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Exotic Materials Could Foster Next Gen Computing Devices

UA Scientists have tracked electrons moving through exotic materials that may make up the next generation of computing hardware, revealing intriguing properties not found in conventional, silicon-based semiconductors.

The end of the silicon age has begun. As computer chips approach the physical limits of miniaturization and power-hungry processors drive up energy costs, scientists are looking to a new crop of exotic materials that could foster a new generation of computing devices that promise to push performance to new heights while skimping on energy consumption.

Extreme conditions are used to protect and preserve the TMDs during the experiments. As shown here, all samples are stored and manipulated in a vacuum that is close to the conditions in space. (Photo: Kyle Mittan/UANews)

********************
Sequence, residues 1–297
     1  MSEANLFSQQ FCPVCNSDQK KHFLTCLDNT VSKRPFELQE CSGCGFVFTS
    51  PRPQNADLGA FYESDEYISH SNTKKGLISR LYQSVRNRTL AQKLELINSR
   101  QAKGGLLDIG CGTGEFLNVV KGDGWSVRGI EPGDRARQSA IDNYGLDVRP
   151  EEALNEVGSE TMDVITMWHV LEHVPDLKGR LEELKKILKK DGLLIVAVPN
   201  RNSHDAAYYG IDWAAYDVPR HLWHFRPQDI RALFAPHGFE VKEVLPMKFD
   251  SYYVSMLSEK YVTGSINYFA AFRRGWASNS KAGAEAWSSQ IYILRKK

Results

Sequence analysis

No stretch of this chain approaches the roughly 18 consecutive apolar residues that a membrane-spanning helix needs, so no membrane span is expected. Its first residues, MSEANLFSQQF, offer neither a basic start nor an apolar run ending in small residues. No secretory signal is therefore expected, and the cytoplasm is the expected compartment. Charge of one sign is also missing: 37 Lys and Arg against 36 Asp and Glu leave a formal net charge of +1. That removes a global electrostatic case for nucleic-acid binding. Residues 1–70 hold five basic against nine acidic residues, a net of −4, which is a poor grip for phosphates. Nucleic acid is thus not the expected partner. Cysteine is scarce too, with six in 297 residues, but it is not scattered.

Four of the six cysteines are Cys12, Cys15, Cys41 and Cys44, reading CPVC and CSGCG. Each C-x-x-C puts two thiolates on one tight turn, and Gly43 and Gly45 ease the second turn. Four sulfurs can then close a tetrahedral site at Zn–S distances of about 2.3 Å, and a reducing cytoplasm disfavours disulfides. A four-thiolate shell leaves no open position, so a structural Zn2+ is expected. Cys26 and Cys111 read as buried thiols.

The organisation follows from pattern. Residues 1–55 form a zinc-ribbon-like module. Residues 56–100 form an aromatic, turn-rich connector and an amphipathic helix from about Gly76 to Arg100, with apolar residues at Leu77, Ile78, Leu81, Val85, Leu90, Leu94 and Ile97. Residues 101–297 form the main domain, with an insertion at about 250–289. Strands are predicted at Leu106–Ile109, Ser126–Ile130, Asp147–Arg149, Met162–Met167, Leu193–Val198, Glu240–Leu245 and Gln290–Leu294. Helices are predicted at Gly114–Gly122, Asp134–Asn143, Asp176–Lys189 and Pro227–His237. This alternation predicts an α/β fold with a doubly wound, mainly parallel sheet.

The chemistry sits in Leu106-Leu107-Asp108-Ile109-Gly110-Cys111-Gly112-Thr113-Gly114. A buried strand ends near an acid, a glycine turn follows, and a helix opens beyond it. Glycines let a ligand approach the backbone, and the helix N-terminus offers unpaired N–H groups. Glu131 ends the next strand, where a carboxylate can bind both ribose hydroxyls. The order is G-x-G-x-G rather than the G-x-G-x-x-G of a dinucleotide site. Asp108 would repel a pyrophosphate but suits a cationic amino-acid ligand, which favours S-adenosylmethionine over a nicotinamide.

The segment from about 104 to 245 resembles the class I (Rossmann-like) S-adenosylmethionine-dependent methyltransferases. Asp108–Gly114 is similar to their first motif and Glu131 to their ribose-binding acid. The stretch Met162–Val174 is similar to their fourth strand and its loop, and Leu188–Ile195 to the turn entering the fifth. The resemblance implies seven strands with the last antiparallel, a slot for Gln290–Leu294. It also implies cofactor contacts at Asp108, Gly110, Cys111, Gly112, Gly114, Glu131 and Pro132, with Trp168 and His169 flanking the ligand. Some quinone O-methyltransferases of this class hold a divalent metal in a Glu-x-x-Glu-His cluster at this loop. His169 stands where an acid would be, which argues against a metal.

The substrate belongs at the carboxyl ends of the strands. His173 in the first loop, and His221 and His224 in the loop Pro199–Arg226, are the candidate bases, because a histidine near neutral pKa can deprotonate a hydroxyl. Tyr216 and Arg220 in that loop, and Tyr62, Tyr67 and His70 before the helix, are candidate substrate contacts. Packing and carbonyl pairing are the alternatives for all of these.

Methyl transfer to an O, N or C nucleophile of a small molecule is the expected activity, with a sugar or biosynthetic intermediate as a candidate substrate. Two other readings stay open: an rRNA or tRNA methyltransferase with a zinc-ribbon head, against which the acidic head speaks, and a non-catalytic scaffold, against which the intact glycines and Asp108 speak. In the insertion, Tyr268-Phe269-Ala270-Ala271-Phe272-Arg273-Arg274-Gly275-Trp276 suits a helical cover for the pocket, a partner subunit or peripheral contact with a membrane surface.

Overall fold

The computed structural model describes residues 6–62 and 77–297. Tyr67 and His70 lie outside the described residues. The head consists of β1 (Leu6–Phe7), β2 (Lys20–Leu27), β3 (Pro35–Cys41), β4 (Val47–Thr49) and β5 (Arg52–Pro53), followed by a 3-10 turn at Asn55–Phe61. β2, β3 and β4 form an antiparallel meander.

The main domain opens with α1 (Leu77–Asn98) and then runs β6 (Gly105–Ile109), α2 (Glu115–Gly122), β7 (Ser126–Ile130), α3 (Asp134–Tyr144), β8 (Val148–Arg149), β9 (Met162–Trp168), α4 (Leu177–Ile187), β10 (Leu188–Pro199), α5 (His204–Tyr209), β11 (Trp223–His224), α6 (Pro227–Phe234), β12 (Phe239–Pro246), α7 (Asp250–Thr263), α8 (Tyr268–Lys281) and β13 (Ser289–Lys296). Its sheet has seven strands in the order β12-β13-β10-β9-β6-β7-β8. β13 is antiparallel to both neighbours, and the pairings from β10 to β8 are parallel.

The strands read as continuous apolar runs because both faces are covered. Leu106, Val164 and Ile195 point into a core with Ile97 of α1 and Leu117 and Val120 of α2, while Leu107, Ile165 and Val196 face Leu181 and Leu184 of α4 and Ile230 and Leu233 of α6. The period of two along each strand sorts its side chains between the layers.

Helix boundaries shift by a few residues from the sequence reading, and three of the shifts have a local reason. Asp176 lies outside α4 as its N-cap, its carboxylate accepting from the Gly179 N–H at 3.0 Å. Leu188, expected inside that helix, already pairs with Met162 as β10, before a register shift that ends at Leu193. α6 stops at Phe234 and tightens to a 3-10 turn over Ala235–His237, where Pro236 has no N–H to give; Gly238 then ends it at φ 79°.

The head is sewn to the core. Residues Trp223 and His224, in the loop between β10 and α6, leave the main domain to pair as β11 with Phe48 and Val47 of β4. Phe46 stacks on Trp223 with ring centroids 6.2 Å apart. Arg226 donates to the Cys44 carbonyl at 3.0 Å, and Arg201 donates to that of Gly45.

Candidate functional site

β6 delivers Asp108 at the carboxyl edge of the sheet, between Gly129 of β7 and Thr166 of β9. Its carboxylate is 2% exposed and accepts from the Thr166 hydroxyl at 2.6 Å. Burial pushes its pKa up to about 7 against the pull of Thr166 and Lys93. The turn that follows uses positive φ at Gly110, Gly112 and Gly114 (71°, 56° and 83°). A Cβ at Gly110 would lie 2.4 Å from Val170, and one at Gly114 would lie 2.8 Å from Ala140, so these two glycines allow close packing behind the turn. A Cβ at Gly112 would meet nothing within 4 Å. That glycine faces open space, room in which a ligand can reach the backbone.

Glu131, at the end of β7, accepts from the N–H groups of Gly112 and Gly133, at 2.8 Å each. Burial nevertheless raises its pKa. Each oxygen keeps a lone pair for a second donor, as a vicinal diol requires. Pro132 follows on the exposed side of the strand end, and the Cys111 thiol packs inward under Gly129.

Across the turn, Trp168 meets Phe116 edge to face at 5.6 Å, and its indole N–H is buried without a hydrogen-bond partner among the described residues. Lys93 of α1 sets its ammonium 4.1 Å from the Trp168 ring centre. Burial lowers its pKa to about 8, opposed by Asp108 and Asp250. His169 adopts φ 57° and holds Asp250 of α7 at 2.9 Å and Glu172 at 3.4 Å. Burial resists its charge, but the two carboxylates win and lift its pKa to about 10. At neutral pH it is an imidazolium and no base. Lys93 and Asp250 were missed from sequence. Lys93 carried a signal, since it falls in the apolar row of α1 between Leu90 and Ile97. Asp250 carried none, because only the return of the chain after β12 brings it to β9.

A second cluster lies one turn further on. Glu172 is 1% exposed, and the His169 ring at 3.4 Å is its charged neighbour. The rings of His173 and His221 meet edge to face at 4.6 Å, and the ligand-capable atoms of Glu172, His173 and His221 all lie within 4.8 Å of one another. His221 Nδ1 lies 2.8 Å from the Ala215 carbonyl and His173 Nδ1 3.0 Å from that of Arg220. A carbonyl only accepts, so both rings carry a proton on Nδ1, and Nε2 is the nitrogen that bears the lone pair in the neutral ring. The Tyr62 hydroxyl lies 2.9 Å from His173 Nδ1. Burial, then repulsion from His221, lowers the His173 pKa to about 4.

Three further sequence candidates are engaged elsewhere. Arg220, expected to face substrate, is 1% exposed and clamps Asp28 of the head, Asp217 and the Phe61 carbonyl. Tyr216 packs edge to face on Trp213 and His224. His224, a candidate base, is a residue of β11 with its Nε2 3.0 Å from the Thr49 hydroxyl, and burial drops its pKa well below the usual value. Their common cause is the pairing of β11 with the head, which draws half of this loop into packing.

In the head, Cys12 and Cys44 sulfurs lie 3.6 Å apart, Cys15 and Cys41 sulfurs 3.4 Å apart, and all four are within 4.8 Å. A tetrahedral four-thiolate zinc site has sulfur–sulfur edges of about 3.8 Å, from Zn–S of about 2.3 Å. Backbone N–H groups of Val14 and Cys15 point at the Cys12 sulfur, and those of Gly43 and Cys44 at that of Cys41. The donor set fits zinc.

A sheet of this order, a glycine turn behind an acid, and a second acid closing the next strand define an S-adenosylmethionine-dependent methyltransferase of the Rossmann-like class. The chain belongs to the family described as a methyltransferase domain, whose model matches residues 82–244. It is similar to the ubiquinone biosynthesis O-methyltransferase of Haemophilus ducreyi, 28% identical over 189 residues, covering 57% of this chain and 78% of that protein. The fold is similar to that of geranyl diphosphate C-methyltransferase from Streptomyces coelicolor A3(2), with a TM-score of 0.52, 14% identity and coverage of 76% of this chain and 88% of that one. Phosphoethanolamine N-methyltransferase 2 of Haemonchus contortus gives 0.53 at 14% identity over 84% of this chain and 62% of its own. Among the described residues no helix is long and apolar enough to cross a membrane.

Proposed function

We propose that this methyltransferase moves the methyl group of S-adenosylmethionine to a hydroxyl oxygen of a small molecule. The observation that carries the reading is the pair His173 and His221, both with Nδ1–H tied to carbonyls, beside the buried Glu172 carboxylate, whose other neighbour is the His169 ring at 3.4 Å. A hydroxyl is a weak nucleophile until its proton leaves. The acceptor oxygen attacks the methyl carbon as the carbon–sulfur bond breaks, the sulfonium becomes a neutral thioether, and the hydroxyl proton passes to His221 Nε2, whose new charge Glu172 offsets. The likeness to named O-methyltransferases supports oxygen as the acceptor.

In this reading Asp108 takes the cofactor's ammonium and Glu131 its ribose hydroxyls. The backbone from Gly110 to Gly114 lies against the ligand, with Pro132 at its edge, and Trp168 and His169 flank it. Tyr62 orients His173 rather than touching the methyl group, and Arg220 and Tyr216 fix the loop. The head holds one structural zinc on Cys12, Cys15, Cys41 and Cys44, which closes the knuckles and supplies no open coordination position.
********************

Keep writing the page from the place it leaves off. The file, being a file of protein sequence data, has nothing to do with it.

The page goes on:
Unlike current silicon-based electronics, which shed most of the energy they consume as waste heat, the future is all about low-power computing. Known as spintronics, this technology relies on a quantum physical property of electrons -- up or down spin -- to process and store information, rather than moving them around with electricity as conventional computing does.

On the quest to making spintronic devices a reality, scientists at the University of Arizona are studying an exotic crop of materials known as transition metal dichalcogenides, or TMDs. TMDs have exciting properties lending themselves to new ways of processing and storing information and could provide the basis of future transistors and photovoltaics -- and potentially even offer an avenue toward quantum computing.